Best places for remote work in Europe: 2023 edition

Aiva Strelca 3.04.2023
An illustration of a woman holding four flags – Latvian, Portuguese, Spanish, and Polish

If you’re searching for great destinations for remote work in Europe in 2023, you’ve stumbled upon the right article. 

Working from a place that isn’t one’s office is the new normal. Remote work, hybrid work, workations, and digital nomadism have become a natural part of our lexicon, and hearing someone say they’re about to work from another country no longer blows us away. 

While technically remote work means you can work from anywhere, let’s be honest, not all places worldwide are remote work-friendly. And that’s ok. But, for the very same reason, it’s good to have insight into places that are suitable for remote workers. 

In this piece, I’m looking at the best spots for remote work in Europe, considering several factors. Thus, if you’re contemplating working remotely from Europe, read on.

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Work remotely in Europe – the four best locations

There are many options for those looking to work remotely in Europe. To filter out the best locations, I looked into the most critical aspects – the cost of living, internet access, workspaces, as well as the general vibe of the cities. Here are the top four.

Riga, Latvia

Riga scenery – one of the best locations for remote work in Europe

Located on the shore of the Baltic Sea and in the heart of the Baltics, the capital city of Latvia, Riga, is one of Europe’s best remote work choices. The city is a transit hub, thoroughly walkable, and has incredible Art Nouveau architecture – the highest concentration of this architecture style in the world, actually.

Besides that, Riga offers a vibrant cultural landscape, ranging from affordable opera and ballet tickets to modern art exhibitions, outdoor music festivals, and more. Thus, you’ll have plenty of options for spending your after-work hours. But first things first.

Cost of living

According to the latest data on Numbeo, the estimated monthly cost for a single person living in Riga is EUR 779.20 without rent. Rent for a one-bedroom apartment can range from EUR 350 to EUR 650 + utilities, the cheapest options being outside the city center.

When it comes to some basics:

  • Meal at an inexpensive restaurant – EUR 11
  • 0.5l local beer on tap – EUR 4
  • Regular cappuccino – EUR 2.76
  • Fitness club monthly fee for an adult – EUR 39.26
  • Public transport ticket – EUR 1.50
  • Taxi ride (5km) – EUR 6.75

Workspaces and internet connectivity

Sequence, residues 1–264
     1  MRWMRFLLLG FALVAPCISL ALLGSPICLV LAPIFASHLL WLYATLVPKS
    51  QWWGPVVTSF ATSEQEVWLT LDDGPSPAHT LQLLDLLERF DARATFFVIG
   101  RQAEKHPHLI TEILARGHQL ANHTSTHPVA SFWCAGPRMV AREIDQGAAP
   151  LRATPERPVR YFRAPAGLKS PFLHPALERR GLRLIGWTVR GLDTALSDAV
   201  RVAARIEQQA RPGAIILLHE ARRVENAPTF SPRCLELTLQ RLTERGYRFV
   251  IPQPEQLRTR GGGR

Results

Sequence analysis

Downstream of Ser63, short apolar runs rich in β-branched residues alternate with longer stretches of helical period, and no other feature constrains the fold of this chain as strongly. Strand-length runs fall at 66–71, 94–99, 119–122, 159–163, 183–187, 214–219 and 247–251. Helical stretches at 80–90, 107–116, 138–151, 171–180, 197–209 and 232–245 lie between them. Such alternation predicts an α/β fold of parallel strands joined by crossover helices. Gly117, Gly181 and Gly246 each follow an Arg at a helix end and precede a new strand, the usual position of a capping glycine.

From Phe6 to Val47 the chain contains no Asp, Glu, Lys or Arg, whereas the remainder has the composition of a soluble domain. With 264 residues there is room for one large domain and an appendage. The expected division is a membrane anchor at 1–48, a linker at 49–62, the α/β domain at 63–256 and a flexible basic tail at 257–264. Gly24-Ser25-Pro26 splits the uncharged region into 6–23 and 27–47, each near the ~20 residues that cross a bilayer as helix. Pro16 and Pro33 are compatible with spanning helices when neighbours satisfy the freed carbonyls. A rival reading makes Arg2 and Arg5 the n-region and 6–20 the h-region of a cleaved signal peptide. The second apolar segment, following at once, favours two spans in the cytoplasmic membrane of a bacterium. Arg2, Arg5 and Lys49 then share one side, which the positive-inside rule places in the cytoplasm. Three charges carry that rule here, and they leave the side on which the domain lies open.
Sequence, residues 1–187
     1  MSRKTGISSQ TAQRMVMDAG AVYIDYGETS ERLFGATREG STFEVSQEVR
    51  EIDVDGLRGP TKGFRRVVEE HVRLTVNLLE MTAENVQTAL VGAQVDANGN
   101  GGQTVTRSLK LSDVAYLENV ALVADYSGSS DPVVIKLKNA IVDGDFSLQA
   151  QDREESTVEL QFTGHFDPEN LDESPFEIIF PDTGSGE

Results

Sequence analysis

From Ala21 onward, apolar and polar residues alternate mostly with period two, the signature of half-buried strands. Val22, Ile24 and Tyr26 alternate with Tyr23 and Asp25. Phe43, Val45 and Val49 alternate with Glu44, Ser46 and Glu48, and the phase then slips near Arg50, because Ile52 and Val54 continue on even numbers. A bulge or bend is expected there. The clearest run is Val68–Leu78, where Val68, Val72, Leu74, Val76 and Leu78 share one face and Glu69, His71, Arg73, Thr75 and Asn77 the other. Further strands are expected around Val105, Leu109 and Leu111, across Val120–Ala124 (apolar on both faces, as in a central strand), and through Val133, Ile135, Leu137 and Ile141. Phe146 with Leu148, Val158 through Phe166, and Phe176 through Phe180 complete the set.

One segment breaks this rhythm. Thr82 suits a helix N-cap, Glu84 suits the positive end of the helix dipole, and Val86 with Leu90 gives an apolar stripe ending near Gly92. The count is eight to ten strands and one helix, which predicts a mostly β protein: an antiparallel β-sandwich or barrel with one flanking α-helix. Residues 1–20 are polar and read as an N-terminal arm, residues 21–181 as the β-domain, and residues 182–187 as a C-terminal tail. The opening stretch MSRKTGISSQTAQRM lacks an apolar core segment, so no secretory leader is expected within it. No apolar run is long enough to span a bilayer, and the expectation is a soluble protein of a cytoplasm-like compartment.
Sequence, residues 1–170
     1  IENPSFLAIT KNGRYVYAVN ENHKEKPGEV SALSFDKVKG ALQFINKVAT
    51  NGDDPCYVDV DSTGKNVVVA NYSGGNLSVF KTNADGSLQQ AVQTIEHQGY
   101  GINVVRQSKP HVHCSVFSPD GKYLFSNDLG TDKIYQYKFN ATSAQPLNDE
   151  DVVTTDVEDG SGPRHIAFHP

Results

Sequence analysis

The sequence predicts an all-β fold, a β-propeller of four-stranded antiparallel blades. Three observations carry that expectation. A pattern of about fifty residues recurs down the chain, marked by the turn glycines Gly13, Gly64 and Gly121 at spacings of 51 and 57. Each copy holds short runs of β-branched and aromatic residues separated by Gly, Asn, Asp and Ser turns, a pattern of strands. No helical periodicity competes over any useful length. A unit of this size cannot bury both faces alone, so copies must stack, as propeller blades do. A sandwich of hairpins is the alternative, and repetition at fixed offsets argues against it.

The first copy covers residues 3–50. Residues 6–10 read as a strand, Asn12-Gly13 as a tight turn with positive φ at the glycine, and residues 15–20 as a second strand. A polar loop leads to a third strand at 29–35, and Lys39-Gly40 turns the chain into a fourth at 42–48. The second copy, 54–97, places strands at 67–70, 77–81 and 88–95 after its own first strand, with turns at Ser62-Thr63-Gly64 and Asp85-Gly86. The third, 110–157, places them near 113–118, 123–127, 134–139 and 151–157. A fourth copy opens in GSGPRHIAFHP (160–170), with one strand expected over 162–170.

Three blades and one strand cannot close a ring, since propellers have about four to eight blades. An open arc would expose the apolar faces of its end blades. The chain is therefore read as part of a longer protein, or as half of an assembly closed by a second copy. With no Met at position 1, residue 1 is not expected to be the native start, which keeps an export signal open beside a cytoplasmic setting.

According to data from 2022, Latvia has one of the best accesses to high-speed internet in the European Union. The country’s capital city, of course, is no exception. Riga has wide access to free internet. Once named the European capital of free WiFi, the city does its best not to lose the title. Free internet is available in most cafes, public spaces, public transit stops, parks, and elsewhere.

When it comes to workspace options, Riga offers plenty. There are various coworking spaces available where you can rent a desk and socialize with the locals (or other expats). Plus, most of the spaces are accessible 24/7 and are located in the city center or nearby. Besides that, many cafes and coffee shops are remote-work friendly as well. 

More reasons why Riga is a great spot for remote work in Europe 

I already mentioned that Riga is a walkable city, but it truly is, so the fact is worth addressing once more. Nothing in the city is particularly far, and within a 20-minute drive, you can get to the forest, seaside, or a combination of both. Moreover, being located in Northern Europe, the weather in Riga offers all four seasons – be prepared for a snowy winter and lengthy daytime in summer.

Riga has quite a large community of internationals, especially in the tech industry. But locals are also highly proficient in English, and you’ll get by without speaking Latvian just fine. 

Lisbon, Portugal

A scenery of Lisbon – one of the best spots for remote work in Europe

Moving on to some warmer destinations. Lisbon, the capital of Portugal, is another fantastic place for remote work in Europe. 


It’s Portugal, folks. 

But besides being a popular holiday destination, Lisbon is among the most up-and-coming capital cities in Europe due to its combination of sunny weather (about 300 days of sun yearly), vibrant cultural scene, friendly locals, and relatively low cost of living. The city has been long loved by digital nomads, signaling that it’s likely to be an excellent remote work destination. And it is.